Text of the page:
The best leaders have a learning mindset.
I don’t mean “learning on the job”, I mean a continual striving for growth using classes, courses, books, certifications, podcasts, etc.
Why don’t I consider “learning on the job” as “learning” in a leader mindset? While it is useful, and should be your jumping off point, what you learn in your day to day work will be skewed by the company culture, current strategies, and resources available. You’ll miss a lot if you only rely on what is being done or talked about in your organization.
To be sure I have the best tools and knowledge available to me, I think about my learning goals with three areas of focus.
To fill in the gaps.
Seek resources outside of your organization to fill gaps in an area your organization is pursuing or already has as part of their culture and strategy. I recently finished the CPMAI certification, which helped to fill gaps between my AI and Project Management knowledge. Now as AI based projects come past our team’s desk, I feel more informed and able to be part of those conversation.
To expand into new areas.
Look beyond what’s currently being done in your organization or industry. This doesn’t have to be something that your organization is using or currently pursuing. Take an area of interest, and see what else is out there. A personal example, I recently purchased a NVIDIA Jetson Nano compute device and am taking courses on embedded/edge computing in AI, as well as working through NVIDIA coursework on HPC and GPU level programming. We might never see these types of devices come through our organization, but if we do I’ll be prepared. And there’s “residual” knowledge that I’m picking up along the way that might help me in other areas of my work. In addition, it’s something I enjoy. Bonus!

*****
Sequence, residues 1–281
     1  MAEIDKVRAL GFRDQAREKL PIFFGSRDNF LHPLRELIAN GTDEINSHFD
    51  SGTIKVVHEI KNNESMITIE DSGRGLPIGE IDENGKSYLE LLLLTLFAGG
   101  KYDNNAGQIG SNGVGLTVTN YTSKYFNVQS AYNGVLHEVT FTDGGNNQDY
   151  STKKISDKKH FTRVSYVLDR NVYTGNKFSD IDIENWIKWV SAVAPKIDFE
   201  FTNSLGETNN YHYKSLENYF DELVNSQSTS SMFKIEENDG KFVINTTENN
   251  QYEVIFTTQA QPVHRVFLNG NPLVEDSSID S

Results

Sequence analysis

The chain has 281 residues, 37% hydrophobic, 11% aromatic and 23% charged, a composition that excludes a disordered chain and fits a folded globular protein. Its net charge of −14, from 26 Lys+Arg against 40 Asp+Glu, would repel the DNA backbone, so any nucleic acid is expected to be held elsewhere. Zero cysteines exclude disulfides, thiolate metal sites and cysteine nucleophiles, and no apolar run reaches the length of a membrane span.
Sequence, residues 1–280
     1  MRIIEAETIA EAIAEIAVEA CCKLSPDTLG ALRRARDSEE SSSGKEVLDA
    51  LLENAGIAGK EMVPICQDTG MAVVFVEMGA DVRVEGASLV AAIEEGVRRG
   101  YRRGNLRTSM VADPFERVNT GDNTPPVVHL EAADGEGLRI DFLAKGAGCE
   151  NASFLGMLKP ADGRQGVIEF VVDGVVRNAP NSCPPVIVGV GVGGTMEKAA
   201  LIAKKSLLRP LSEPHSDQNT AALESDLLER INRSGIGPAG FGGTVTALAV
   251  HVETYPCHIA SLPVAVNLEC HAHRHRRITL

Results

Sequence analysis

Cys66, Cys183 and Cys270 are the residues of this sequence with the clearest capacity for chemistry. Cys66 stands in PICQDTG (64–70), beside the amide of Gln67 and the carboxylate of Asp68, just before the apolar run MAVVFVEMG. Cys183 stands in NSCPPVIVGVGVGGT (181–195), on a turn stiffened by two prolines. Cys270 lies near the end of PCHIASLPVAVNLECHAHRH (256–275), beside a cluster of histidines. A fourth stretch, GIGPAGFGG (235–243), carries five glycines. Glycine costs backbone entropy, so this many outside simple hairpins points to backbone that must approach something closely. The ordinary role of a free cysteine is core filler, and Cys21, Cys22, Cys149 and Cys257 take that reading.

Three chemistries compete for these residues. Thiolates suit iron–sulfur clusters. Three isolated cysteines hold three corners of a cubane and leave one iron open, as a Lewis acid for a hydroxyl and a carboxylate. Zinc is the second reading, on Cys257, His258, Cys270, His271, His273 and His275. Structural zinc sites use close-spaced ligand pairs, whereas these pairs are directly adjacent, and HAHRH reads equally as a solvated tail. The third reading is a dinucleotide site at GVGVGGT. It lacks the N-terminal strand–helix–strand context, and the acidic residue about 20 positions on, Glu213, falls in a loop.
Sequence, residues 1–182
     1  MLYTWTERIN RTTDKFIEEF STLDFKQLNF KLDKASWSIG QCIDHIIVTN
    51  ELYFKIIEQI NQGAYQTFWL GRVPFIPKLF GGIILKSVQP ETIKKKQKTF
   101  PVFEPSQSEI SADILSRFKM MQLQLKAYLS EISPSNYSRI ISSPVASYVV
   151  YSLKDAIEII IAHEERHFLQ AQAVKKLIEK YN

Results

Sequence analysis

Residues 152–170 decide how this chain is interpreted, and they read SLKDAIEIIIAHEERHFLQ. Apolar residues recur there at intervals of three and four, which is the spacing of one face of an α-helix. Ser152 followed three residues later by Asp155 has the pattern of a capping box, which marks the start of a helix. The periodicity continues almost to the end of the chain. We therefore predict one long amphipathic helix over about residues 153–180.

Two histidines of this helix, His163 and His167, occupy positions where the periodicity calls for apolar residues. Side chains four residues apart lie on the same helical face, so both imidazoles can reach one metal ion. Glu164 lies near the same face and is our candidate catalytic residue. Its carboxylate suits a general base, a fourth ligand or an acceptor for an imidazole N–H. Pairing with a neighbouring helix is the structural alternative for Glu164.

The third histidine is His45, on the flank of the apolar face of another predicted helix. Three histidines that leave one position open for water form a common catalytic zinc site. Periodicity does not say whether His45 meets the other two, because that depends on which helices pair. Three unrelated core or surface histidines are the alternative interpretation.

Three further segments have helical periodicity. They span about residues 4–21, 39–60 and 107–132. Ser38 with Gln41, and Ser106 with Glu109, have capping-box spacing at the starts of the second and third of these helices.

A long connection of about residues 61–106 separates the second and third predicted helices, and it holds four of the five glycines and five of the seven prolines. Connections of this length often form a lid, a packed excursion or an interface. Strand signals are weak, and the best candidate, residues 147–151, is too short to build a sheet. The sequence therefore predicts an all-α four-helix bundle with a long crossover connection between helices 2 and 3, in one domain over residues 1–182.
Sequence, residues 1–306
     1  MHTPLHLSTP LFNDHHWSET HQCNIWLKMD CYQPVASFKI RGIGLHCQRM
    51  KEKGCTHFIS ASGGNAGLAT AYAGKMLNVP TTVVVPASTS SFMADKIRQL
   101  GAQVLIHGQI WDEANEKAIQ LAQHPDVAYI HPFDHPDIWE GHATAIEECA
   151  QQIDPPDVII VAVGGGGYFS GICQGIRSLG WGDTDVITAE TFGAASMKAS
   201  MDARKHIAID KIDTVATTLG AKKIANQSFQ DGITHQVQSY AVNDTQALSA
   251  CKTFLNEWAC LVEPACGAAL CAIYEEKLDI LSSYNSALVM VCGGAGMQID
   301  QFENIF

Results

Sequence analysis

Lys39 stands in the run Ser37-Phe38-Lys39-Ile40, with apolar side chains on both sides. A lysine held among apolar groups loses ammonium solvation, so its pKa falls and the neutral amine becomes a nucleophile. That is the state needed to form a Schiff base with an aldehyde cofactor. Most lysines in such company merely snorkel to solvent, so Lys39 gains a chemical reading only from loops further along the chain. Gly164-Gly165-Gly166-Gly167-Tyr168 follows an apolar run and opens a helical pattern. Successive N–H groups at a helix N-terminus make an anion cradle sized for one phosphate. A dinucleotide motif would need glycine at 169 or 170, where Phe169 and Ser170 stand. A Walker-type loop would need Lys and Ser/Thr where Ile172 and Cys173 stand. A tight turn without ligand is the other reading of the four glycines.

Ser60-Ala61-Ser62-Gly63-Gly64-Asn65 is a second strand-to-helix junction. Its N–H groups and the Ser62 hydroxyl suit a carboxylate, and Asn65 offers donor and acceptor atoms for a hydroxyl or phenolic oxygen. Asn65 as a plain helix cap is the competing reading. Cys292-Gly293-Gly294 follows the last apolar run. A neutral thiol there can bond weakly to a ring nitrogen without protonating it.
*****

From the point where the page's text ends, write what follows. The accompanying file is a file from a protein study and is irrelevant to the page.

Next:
To solidify for yourself, and others, that you know your stuff.
This is an important one for someone like me, who has serious imposter’s syndrome. You might have a breadth of knowledge that expands beyond your current duties, but when you work in a focused area day to day, it’s easy to be pigeonholed, or to pigeonhole yourself. In taking courses and getting certifications, you can prove to yourself and others that your body of knowledge is deep and wide. I surprised myself recently as I’ve worked through the ISC2 Certified in Cybersecurity training, how much of the infosec space I’ve learned as the system and data custodian of an EHR, as well as a leader in the Enterprise Architecture space.
As a leader, you should always have one foot in the present, working to build better operations. You should also have one foot moving to the future, thinking about what the business and technology landscape is going to look like in 2, 5, 10 years.
So go out there and continue to learn and strive to do better. Your organization will be better for it, and you’ll feel more able and fulfilled as a leader.